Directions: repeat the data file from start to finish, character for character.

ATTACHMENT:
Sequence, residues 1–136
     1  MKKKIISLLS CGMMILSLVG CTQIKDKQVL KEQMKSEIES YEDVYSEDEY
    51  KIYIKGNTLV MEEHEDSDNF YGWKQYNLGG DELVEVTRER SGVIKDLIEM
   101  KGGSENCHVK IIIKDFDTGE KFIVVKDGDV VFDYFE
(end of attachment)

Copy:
Sequence, residues 1–136
     1  MKKKIISLLS CGMMILSLVG CTQIKDKQVL KEQMKSEIES YEDVYSEDEY
    51  KIYIKGNTLV MEEHEDSDNF YGWKQYNLGG DELVEVTRER SGVIKDLIEM
   101  KGGSENCHVK IIIKDFDTGE KFIVVKDGDV VFDYFE